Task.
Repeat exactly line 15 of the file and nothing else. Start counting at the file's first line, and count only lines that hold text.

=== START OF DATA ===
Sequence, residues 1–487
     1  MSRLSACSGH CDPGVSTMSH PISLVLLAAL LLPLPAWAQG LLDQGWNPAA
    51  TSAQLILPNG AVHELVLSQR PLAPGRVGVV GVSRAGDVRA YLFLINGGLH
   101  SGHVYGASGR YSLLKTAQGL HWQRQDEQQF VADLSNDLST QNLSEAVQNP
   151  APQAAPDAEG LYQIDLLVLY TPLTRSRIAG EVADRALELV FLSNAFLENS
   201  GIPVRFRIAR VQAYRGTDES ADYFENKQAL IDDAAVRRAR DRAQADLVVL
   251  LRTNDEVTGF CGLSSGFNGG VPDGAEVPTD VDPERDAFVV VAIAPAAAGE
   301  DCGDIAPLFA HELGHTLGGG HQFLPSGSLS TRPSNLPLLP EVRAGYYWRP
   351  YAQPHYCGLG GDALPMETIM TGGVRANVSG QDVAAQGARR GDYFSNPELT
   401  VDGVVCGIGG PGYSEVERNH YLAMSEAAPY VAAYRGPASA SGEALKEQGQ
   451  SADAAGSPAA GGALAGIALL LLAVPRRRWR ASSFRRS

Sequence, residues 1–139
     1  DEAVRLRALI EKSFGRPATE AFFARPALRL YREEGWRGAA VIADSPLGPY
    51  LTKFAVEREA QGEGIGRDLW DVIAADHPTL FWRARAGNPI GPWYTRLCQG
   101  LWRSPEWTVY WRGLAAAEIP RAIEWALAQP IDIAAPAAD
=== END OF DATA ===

   101  LWRSPEWTVY WRGLAAAEIP RAIEWALAQP IDIAAPAAD